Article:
Carolinas HealthCare System will join Novant Health and other hospital systems in restricting visits by children 12 and under, effective Friday morning, as flu spreads across the region.
The CVS pharmacy chain, meanwhile, said some of its stores may be be temporarily out of stock of the popular flu remedy Tamiflu.
Twenty North Carolina residents died of the flu from last Oct. 1 through Dec. 30, more than doubling the number in the same period a year earlier. Flu cases are normally highest in February and March.
Carmel Christian School in Matthews canceled classes for Thursday and Friday after a flu outbreak sickened more than 160 students, WSOC-TV reported.
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Carolinas HealthCare said it would join Novant Health, Cone Health in Greensboro and Wake Forest Baptist Health in Winston-Salem in starting the visitation restrictions on the same day “to prevent confusion among the public and to avoid a patchwork of varying restrictions.”
Carolinas HealthCare also asked that people with flu symptoms – such as fever, headaches, body aches or pain, cough or sore throat, stuffy or runny nose, chills, fatigue, nausea, vomiting and/or diarrhea – not visit hospital patients. If circumstances require a visit, those people will be asked to wear a surgical mask.
Hospitals affected by Carolinas HealthCare’s tighter visitation policy are: Carolinas Medical Center, Levine Children’s Hospital, Carolinas Medical Center-Mercy, Carolinas HealthCare System NorthEast, Carolinas HealthCare System Pineville, Carolinas HealthCare System Union, Carolinas HealthCare System University, Carolinas HealthCare System Lincoln, Carolinas HealthCare System Cleveland, Carolinas HealthCare System Kings Mountain, Carolinas HealthCare System Blue Ridge, Carolinas HealthCare System Stanly, Carolinas HealthCare System Anson, Carolinas HealthCare System Behavioral Health-Charlotte, Carolinas HealthCare System Behavioral Health-Davidson, Carolinas Rehabilitation-Charlotte, Carolinas Rehabilitation-NorthEast, Carolinas Rehabilitation-Mt. Holly and Pineville Inpatient Rehabilitation.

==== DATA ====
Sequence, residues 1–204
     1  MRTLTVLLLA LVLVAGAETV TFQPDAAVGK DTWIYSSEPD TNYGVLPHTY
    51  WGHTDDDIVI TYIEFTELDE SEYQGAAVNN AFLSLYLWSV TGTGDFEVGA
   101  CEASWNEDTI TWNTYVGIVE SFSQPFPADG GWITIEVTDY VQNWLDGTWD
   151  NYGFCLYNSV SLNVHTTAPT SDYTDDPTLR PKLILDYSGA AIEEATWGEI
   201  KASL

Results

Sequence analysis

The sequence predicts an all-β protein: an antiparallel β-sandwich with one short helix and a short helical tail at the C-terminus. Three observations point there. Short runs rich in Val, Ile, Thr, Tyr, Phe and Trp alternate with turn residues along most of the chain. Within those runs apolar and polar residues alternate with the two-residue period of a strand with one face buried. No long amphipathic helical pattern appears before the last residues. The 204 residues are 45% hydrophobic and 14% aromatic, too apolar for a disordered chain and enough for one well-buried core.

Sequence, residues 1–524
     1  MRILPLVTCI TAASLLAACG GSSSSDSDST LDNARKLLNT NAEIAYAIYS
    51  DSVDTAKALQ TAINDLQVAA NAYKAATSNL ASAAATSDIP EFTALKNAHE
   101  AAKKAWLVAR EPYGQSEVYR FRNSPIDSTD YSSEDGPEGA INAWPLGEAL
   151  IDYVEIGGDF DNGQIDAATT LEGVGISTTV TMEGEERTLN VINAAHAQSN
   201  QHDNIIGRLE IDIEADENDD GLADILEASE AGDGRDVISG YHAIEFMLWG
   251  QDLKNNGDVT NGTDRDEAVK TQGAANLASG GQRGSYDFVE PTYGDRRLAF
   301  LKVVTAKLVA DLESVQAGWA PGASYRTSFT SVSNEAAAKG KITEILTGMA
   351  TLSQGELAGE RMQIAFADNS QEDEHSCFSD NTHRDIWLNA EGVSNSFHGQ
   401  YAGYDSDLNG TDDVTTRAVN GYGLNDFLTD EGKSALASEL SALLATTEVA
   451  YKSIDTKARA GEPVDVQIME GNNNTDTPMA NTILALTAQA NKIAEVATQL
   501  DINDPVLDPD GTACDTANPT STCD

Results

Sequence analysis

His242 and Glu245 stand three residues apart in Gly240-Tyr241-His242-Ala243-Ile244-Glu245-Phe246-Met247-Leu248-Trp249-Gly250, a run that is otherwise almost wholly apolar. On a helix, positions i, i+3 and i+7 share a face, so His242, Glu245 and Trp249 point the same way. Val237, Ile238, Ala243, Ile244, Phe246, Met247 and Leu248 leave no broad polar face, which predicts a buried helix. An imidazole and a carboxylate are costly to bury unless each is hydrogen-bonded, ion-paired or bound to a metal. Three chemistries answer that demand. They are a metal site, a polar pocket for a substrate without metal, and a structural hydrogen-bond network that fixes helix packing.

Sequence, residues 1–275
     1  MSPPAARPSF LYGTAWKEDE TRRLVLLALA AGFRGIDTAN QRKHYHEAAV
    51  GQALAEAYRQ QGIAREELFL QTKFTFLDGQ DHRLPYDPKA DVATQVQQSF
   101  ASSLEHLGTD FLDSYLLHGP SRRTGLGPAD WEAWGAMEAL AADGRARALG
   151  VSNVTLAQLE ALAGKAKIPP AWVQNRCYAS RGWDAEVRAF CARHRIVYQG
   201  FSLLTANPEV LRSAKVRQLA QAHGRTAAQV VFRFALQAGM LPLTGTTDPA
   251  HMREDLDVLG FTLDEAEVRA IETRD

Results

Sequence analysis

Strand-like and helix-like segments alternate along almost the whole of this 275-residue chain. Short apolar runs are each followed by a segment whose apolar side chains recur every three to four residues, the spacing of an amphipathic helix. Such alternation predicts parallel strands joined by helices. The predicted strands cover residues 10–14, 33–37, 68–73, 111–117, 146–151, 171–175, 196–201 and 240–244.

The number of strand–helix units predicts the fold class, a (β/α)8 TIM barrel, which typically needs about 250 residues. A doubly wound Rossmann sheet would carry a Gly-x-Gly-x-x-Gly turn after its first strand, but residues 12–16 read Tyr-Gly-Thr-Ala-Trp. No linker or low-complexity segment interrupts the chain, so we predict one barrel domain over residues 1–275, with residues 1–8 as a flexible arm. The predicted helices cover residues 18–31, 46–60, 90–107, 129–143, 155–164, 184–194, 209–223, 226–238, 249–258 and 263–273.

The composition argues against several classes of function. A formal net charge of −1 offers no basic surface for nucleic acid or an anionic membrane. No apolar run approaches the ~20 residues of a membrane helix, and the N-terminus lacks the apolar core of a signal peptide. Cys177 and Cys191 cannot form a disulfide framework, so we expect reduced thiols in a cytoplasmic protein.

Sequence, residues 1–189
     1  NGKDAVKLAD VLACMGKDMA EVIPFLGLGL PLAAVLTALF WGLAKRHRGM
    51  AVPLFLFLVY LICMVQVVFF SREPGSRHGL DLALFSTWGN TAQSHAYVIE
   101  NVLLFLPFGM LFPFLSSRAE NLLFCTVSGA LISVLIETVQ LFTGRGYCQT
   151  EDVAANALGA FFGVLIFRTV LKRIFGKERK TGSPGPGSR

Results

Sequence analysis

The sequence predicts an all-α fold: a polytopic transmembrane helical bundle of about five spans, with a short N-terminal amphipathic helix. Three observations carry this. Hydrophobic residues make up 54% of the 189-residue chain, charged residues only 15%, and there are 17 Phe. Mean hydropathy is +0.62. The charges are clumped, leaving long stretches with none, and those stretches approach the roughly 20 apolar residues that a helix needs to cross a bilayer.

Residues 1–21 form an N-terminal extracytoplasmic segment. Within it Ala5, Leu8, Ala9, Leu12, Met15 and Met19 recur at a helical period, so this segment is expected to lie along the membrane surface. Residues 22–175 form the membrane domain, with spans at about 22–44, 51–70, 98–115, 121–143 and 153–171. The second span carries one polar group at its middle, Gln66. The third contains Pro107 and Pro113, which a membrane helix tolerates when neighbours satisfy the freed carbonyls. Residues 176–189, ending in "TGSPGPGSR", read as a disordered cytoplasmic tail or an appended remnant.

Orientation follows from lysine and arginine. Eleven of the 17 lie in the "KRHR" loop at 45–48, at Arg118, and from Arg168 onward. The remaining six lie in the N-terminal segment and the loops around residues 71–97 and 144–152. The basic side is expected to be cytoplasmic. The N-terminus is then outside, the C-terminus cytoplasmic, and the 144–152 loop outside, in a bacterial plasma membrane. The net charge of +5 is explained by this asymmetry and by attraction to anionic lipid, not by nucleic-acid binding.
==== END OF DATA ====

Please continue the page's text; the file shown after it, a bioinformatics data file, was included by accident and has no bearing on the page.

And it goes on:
Meanwhile, CVS said the pharmacy chain is not experiencing a widespread shortage of Tamiflu but is seeing increased demand nationwide.
“We’re continuing to supply stores with Tamiflu using our existing inventory network, but there may be instances when an individual pharmacy could be temporarily out-of-stock,” spokeswoman Amy Lanctot said by email. “We are closely monitoring the situation and we are working with suppliers to ensure our patients have access to available flu-related medications. We recommend that patients call their local CVS Pharmacy in advance since inventory varies day to day.”
Most people with the flu don’t need medical care, Carolinas HealthCare says, recommending that sufferers stay home, avoid contact with others, rest, drink fluids and take ibuprofen or acetaminophen. To reduce the odds of getting the flu, it recommends frequent hand-washing and getting a flu shot.